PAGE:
CHICAGO — Taking such popular heartburn drugs as Nexium, Prevacid or Prilosec for a year or more can raise the risk of a broken hip markedly in people over 50, a large study in Britain found.
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The study raises questions about the safety of some of the most widely used and heavily promoted prescription drugs on the market, taken by millions of people.
The researchers speculated that when the drugs reduce acid in the stomach, they also make it more difficult for the body to absorb bone-building calcium. That can lead to weaker bones and fractures.
Hip fractures in the elderly often lead to life-threatening complications. As a result, doctors should make sure patients have good reason to stay on heartburn drugs long term, said study co-author Dr. Yu-Xiao Yang of the University of Pennsylvania School of Medicine.
“The general perception is they are relatively harmless,” Yang said. “They often are used without a clear or justified indication for the treatment.”
Some people find relief from heartburn with over-the-counter antacids such as Tums, Rolaids and Maalox. For others, these medicines do not work well. Moreover, heartburn can be more than a source of discomfort. People with chronic heartburn can develop painful ulcers in the esophagus, and in rare cases, some can end up with damage that can lead to esophageal cancer.
Dr. Sandra Dial of McGill University in Montreal, who was not involved in the study but has done similar research, said patients should discuss the risks and benefits with their doctors and taper off their use of these medicines if they can.
Nexium, Prevacid and Prilosec are members of a class of drugs known as proton pump inhibitors. The study found a similar but smaller risk of hip fractures for another class of acid-fighting drugs called H2 blockers. Those drugs include Tagamet and Pepcid.
The study, published in Wednesday’s Journal of the American Medical Association, looked at medical records of more than 145,000 patients in England, where a large electronic database of records is available for research. The average age of the patients was 77.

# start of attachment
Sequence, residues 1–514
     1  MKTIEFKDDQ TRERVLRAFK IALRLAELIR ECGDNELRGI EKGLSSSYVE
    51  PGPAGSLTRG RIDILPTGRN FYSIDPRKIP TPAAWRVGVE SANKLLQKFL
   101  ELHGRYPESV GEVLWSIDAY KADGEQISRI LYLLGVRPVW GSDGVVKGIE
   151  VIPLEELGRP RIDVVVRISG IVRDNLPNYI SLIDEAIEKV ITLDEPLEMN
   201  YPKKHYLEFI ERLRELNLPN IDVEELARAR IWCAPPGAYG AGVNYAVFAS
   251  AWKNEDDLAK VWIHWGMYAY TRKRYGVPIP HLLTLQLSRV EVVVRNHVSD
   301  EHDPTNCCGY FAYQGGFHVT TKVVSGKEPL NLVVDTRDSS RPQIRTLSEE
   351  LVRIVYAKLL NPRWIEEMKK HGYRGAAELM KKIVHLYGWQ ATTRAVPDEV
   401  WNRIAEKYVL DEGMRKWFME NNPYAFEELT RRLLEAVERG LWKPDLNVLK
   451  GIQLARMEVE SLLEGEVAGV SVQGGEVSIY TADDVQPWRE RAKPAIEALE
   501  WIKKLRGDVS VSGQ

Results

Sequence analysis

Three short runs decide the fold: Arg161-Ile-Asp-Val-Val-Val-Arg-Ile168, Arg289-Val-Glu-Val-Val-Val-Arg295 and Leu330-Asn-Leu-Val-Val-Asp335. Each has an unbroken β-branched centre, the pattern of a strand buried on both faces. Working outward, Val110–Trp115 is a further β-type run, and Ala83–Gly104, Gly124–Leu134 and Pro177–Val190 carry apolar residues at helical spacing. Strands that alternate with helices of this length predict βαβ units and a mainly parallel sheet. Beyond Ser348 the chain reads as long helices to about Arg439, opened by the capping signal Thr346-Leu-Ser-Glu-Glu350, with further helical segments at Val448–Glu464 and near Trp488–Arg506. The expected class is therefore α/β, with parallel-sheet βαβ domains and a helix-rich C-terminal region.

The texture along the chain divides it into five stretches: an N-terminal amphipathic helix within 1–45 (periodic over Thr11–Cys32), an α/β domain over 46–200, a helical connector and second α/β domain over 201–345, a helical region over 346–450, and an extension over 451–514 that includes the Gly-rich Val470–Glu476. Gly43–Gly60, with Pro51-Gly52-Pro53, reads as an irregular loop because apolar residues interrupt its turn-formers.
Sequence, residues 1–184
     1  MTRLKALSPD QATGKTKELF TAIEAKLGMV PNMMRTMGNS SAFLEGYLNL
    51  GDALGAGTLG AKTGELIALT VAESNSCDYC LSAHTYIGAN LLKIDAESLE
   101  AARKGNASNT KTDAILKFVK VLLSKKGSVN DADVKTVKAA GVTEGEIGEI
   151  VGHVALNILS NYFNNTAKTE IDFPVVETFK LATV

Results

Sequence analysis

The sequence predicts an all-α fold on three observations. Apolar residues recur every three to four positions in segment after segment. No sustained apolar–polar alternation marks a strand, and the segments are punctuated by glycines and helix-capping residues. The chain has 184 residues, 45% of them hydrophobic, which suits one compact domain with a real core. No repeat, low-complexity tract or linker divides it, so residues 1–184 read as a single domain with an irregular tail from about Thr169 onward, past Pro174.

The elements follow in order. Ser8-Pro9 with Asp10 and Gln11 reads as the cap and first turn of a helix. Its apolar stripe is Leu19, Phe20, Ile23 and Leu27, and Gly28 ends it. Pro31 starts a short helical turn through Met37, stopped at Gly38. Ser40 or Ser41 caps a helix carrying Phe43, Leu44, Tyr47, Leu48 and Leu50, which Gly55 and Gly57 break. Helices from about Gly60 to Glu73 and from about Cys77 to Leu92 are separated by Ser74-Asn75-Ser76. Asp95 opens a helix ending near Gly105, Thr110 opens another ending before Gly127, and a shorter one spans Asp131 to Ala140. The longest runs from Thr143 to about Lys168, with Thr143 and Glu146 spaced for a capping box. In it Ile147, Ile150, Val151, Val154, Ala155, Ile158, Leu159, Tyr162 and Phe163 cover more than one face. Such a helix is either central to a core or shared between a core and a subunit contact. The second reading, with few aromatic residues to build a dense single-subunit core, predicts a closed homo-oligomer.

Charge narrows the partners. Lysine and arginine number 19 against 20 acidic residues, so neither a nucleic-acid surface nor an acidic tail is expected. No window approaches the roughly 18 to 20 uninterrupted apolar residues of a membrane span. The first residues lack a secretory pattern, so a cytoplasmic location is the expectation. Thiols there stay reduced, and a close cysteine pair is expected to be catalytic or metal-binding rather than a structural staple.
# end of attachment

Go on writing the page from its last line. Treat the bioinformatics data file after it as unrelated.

The patients who used proton pump inhibitors for more than a year had a 44 percent higher risk of hip fracture than nonusers. The longer the patients took the drugs, the higher their risk.
The biggest risk was seen in people who took high doses of the drugs for more than a year. That group had a 2½ times greater risk of hip fractures than nonusers.
Yang said that for every 1,262 elderly patients treated with the drugs for more than a year, there would be one additional hip fracture a year attributable to the drugs. For every 336 elderly patients treated for more than a year with high doses, there would be one extra hip fracture a year attributable to the drugs.
Dr. Doug Levine of AstraZeneca PLC, which makes Nexium and Prilosec, said the study does not prove that proton pump inhibitors cause hip fractures. It merely suggests a potential association, he said, adding that doctors need to monitor their patients for proper dosage and watch how long they take the drugs.
Dr. Alan Buchman of Northwestern University, who was not involved in the research, said the study should not change medical practice, since doctors already should be monitoring the bone density of elderly people taking the drugs and recommending calcium-rich diets to all patients.
“Most people are not taking enough calcium to start with,” he said. He also wondered if a similar result would have been found in a sunny climate, because vitamin D from sunshine helps with calcium absorption.
Also, Buchman said it not known whether the acid-fighting drugs prevent esophageal cancer. He said the risk of esophageal cancer has been exaggerated in the marketing of these drugs.
“I think the risk has been overplayed and scared the community,” Buchman said.
Heartburn medicines are heavily are advertised in “Ask your doctor about ...” commercials in this country, particularly during the evening news.
Nexium is the second-biggest-selling drug in the world, behind the cholesterol medicine Lipitor, with global sales totaling $4.6 billion last year, according to IMS Health, which tracks drug sales.
Yang and his co-authors disclosed in the paper that they have worked as consultants and received speaking fees from companies making acid-fighting drugs. The study was funded by the National Institutes of Health and the American Gastroenterological Association/GlaxoSmithKline Glaxo Institute for Digestive Health.
Men in the study had a higher drug-associated risk of hip fracture than women, possibly because women may be more aware of osteoporosis and may get more calcium in their diets, Yang said. He plans more research on whether calcium-rich diets or calcium supplements can prevent the problem.
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